Saturday, December 1, 2007

Baguette Box

Having lived in Seattle for nearly eight years I've struggled to find a decent cheap sandwich. The recent opening of Goldberg's Deli in Factorial mall has certainly improved the quality of sandwiches available to those in the Puget sound area. Finally there was an answer for everyone who thought the Boarshead corned beef served up at the Other Coast "is the best in town." While Goldberg's has taken the east coast deli title as one of the best sandwiches around it is anything but cheap. Fortunately a relatively new restaurant, The Baguette Box, provides everything I need in a sandwich - fantastic quality and cheap price.Although the Baguette Box has not been open for too long, they already have have two locations: Capitol Hill and another in Fremont. The restaurant is the "little brother" of the restaurant Monsoon which is, in my opinion, one of the best under-the-radar restaurants in Seattle. As it turns out, this little brother takes its inspiration from big-sister's specialty - Vietnamese Pacific Northwest fusion.

Sandwiches served at Baguette Box are all variations of the traditional Vietnamese
Bánh mì sandwich which typically include spiced meat or tofu, a crunchy vegetable (carrots, radish), jalapenos, and cilantro all served in a baguette. While the options for variation are virtually infinite, Baguette Box has crafted a dozen or so fantastic combinations. Crispy drunken chicken , braised pork shoulder with red wine, salumi cured meat (thats what I said, SALUMI!), grilled lemon grass skirt steat, grilled yellow squash and eggplant, and of course tofu. Price varies from $4.75 (tofu) to $7.50 (lamb, salumi) for a generous sandwich. Bánh mì lovers will recognize that this is dramatically higher than the typical Bánh mì found in the ID ($2), but the attention and work put into these sandwiches make the price justified.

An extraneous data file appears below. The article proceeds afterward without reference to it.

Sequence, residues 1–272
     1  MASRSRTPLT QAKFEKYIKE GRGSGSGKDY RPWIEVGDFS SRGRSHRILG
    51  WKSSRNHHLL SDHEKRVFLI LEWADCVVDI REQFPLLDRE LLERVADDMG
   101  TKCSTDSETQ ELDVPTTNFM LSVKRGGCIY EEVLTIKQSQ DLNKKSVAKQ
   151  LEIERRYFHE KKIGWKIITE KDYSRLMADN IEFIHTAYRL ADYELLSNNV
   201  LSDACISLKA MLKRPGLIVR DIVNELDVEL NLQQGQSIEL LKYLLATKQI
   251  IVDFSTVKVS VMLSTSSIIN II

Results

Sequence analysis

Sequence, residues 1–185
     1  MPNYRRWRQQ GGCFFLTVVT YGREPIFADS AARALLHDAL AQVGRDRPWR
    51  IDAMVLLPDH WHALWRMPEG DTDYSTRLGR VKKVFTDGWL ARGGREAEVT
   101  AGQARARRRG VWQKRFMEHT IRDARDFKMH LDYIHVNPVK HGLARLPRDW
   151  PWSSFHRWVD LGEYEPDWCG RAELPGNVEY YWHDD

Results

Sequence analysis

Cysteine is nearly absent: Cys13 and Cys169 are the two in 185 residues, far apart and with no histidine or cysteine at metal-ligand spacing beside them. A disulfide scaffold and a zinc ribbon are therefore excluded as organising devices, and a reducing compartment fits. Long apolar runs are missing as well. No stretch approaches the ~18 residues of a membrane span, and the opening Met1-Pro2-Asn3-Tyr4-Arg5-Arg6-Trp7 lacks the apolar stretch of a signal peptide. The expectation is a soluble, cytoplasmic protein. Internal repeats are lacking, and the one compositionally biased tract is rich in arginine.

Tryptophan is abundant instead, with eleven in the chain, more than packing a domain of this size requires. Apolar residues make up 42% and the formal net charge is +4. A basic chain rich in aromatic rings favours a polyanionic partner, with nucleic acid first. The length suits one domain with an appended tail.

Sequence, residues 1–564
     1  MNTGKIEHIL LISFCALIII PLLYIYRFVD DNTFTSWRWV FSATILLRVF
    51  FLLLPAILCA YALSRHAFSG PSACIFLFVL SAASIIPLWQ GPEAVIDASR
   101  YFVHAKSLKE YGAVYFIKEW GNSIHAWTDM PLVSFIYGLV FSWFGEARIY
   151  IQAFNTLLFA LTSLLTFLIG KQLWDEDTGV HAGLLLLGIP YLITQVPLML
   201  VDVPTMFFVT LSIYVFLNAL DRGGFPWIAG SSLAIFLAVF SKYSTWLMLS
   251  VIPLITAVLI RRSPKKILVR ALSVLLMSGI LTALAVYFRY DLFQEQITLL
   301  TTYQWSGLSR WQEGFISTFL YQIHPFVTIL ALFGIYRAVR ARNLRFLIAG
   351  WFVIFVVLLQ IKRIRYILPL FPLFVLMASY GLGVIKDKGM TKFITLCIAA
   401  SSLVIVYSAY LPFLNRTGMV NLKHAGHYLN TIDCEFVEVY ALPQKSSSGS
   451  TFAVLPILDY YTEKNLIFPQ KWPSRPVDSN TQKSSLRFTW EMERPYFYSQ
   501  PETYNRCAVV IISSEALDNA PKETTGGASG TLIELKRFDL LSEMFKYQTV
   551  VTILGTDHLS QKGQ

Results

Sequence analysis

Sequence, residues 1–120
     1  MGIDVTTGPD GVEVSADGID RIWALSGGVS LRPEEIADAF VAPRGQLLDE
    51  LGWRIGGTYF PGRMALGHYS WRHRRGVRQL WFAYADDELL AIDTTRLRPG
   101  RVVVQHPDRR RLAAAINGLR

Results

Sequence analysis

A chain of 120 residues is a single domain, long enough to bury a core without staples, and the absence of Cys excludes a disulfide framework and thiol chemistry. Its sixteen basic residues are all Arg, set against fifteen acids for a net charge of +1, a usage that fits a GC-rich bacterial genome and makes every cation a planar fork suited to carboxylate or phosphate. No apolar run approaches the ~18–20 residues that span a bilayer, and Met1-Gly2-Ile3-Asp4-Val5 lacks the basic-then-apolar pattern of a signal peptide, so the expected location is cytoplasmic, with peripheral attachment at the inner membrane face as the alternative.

A number of salads and french fries as well as truffle fries (fries drizzled with truffle oil) provide the sides.

My first experience was the braised pork in red wine sauce. Delicious. The bread is beautifully baked, crispy with a soft center. The meat was tender and savory. The truffle fries were a highlight offering a novel complex earthy flavor to what was a pretty good fry on its own. Total price for sandwich and fries - $11.05.

Thursday, November 29, 2007

Chippy's - Fish and Chips

I was recently in Toronto for Critical Care Canada Forum. Tim and I were staying in Summerhill near the LCBO. While most of our time was spent at the conference a few hours were spent at Wylie's neighborhood pub. We inquired about good cheap food in Toronto having never visited with a particular interest in finding good fish and chips. We were pointed to Chippy's.
Chippy's is a tiny fish and chips shop in West Queen Street West (there is one on Bloor too), one of the hipper neighborhoods in Toronto. After hitching a cab from the St. Lawrence market, where we downed a quick Peameal bacon sandwich (which would be the subject of another post, but I just don't have enough pictures), we entered Chippy's. The first thing we liked about the place was the wallet friendly menu. Almost all of the fish meals (including fries) were less than $10. Halibut was the exception ringing in at $10.99 for fish and chip combo. Diners have their choice of several varieties of fish including haddock, salmon, cod, halibut, and other seafoods like prawns and scallops. There is even chowder for those interested. We opted for an order of the Halibut (just had to see if the extra $$ was worth it) and the classic cod - the true fish and chips fish. Within about 5 min our both fish and chips were plucked from the fryer and piled high in a cardboard paper box. The fish was breaded and golden brown. The breading was light, crispy, and surprisingly devoid of palpable grease. The two bottles of Guinness in every batch of fish batter ensures just the right taste when fried. The fish was flaky, fleshy and cooked to perfection. Delicious. The cod versus halibut difference was minimal. Both were fantastic. As for the condiments...ample vinegar is stocked around the small shop. I skipped the tartar sauce. I cannot understand why people would water down goodness of unadulterated fried fish with tartar sauce.

As for the fries, fantastic. Crisp, soft-centered, minimal soggy there Guinness in the chips too? Total cost for the three-person second lunch? Just under $19 Canadian. Which these days is a bit pricier than one might expect. Maybe $21 US.